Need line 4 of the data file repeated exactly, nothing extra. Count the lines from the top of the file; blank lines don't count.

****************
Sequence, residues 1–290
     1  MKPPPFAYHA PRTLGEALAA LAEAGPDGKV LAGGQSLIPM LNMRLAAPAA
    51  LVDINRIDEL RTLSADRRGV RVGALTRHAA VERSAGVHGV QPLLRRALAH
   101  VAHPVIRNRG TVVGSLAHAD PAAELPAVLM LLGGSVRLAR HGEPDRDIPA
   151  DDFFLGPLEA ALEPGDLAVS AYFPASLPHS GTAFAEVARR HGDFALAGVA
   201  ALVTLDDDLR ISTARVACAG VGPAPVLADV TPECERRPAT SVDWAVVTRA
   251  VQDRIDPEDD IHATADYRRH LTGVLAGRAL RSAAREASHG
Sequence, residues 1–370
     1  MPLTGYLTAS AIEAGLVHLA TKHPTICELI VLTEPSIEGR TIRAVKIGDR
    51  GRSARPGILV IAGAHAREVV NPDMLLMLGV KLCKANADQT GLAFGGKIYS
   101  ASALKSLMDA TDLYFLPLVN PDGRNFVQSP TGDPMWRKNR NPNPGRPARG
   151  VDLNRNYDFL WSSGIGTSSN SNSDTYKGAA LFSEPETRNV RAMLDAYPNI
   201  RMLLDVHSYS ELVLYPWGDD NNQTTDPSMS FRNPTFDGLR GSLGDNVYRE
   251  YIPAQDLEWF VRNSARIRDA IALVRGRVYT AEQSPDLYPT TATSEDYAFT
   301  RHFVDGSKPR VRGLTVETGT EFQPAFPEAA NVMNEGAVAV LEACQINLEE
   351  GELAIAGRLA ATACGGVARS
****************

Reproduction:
   101  VAHPVIRNRG TVVGSLAHAD PAAELPAVLM LLGGSVRLAR HGEPDRDIPA